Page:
It takes a savvy tech journalist to secure a product that hasn’t completely made it off the manufacturing lines, or just one willing to venture into the computer markets of Taipei. This morning I set out to buy an Eee PC 901 – the ASUS mini-notebook wonder sporting the latest Intel Atom chip. Off to the Kauanghua Plaza district I went with a few fellow tech journo commrades (Kevin of and Sascha of

Update: Read our Full Review of the Eee PC 901 >>

The district’s streets should be paved in silicon with the amount of laptops and desktops on sale. Shop after shop has the latest laptops on display along with a ton of software and other computer parts. Struggling with the fact that we didn’t speak Chinese, we wrote down “ASUS Eee PC 901″ on a piece of paper and went around showing it to as many vendors as we could find.

After close to 10 failed attempts, one nice man took us into a back room and pulled out a lime green Eee PC box. A simple check of the specs printed on the side showed that we had struck gold. 17,300 NTS (around $573 USD) later I was walking down the street with the newest mini-notebook on the market.

So what do I think of my new baby Eee PC 901 running Windows XP? I like it. The white lid is glossy and smooth and its got a bit larger footprint than the Eee PC 900. It seems to get its chunk from the thicker screen and bezel.

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Eee PC 901 and 1000 Official; New Versions to Sport Intel Atom, 802.11n and Flashy Colors

June 2nd, 2008 by Joanna Stern

I am here in Taipei at the ASUS Eee PC press event. Like we have all been waiting for, ASUS has pulled the sheet off the new Eee PC 901 and 1000. Here is the low down on the newest additions to the Eee PC family.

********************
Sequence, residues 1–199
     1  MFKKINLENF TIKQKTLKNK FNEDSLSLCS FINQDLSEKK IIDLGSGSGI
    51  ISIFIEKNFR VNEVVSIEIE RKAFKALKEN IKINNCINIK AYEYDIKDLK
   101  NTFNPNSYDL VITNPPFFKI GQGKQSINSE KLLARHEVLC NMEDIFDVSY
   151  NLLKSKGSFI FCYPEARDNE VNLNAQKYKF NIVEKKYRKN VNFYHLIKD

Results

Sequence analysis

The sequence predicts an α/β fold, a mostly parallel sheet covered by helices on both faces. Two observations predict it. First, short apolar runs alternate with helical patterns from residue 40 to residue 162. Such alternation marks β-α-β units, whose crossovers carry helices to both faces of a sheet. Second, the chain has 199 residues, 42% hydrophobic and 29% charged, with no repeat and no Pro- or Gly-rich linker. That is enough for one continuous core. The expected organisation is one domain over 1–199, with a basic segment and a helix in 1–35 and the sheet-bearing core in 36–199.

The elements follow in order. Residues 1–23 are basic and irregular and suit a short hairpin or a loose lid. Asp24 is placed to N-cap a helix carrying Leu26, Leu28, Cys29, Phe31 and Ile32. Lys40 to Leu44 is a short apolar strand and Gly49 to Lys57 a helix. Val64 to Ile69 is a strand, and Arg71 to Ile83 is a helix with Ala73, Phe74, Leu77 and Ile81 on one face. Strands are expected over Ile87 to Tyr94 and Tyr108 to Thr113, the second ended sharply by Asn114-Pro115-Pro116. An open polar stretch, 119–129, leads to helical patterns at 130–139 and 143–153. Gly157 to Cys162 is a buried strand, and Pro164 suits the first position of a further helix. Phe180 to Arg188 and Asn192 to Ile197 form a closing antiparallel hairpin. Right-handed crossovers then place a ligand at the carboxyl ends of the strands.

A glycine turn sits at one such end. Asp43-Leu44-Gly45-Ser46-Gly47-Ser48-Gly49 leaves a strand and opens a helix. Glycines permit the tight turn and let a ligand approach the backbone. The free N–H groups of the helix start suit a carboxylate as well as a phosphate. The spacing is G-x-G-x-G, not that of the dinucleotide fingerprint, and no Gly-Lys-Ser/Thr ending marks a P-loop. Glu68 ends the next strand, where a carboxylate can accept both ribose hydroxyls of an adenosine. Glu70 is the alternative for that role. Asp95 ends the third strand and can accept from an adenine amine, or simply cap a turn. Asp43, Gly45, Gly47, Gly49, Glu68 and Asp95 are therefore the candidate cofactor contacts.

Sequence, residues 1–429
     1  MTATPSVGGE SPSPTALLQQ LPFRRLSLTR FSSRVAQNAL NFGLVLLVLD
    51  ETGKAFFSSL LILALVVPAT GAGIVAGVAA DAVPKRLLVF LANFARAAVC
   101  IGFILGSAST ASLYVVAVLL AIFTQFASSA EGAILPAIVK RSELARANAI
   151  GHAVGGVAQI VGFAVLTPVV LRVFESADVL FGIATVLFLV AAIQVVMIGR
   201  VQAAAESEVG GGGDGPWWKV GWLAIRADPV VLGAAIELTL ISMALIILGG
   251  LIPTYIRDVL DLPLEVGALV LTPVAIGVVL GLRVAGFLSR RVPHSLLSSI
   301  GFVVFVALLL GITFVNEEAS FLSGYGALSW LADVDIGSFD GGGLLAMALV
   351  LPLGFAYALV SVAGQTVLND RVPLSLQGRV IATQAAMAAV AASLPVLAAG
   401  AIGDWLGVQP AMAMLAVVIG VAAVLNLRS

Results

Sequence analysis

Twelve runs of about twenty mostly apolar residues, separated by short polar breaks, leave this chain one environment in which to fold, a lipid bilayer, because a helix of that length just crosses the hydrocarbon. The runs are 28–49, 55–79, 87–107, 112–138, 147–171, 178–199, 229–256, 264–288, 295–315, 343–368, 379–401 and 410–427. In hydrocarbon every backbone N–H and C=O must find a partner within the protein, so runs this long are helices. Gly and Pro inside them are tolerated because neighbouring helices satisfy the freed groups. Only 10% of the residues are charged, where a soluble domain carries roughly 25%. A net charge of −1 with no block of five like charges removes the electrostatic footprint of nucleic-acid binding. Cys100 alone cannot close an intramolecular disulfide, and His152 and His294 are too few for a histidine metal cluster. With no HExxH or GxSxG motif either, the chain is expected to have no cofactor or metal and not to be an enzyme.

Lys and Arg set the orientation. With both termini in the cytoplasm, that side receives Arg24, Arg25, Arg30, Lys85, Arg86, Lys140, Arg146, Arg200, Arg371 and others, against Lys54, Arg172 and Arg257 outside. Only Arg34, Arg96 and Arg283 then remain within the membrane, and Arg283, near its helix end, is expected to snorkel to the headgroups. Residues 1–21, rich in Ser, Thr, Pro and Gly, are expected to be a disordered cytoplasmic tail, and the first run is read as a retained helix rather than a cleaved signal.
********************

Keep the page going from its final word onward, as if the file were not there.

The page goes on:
The Eee PC 901 will sport Intel’s Atom processor. Similar to both offerings of the Eee PC 900, the Windows XP version will be available with a 12GB SSD and the Linux version with a 20 GB SSD. ASUS claims the system will get 7.5 hours of battery life.

The Eee PC 1000, sporting a 10-inch screen, will be available with Xandros Linux, a 40GB SSD, Intel Atom, 802.11n, Bluetooth and with up to 2GB of RAM. The system on a whole, though I can’t see much of it from my seat, looks more swanky than the original system. We couldn’t be any more excited about the almost 92 percent keyboard.

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iTunes on the Xandros Eee PC 900, Not Quite a Windows Experience

May 16th, 2008 by Joanna Stern

I am a big fan of Xandros on the Eee PC, but I’ve always said it has its limitations, especially when it doesn’t give me access to my favorite Windows programs. But when my editor told me earlier this week about Wine HQ, I nearly freaked. Wine HQ enables a compatibility layer that allows Windows programs to run on a Linux OS.

Wine isn’t the easiest to configure, but I figured it out with the help of the ever-informed Eee PC forum members. Check out my step-by-step instructions here.

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How Hot is Your Mini-Notebook? (Literally.)

May 15th, 2008 by Joanna Stern

Mini-notebooks, such as the Eee PC 900 and the HP Mini-Note, could be the hottest things around since those nude pictures of Lindsay Lohan. But how about the real temperature of these little guys? Do they toast your legs while sitting in bed? Do your fingertips get warm while typing on the keyboard?

After some heated time with the HP Mini-Note, I took it upon myself to do some scientific testing of the small systems. Using a Raytek Mini Temp Non-Contact Thermometer Gun—our new favorite toy in the officeI’ve been testing the heat on four of the most popular mini-notebook models: the Eee PC 900, the Eee PC 701, the Everex CloudBook, and the HP Mini-Note. I also threw in a normal Dell Latitude D630 notebook as a standard laptop variable.

Since laptops have a few different heat-sensitive regions, I took readings on the the underside of the notebook, on the keyboard between the G and H key, and on the touchpad. Each of the readings on the system were taken after the same usage pattern. Our extended usage patterns consisted of three different tasks with the system running on battery power: transferring of 2GB of files from an external USB drive, surfing the Web and playing the same House episode on, and making a Skype video call.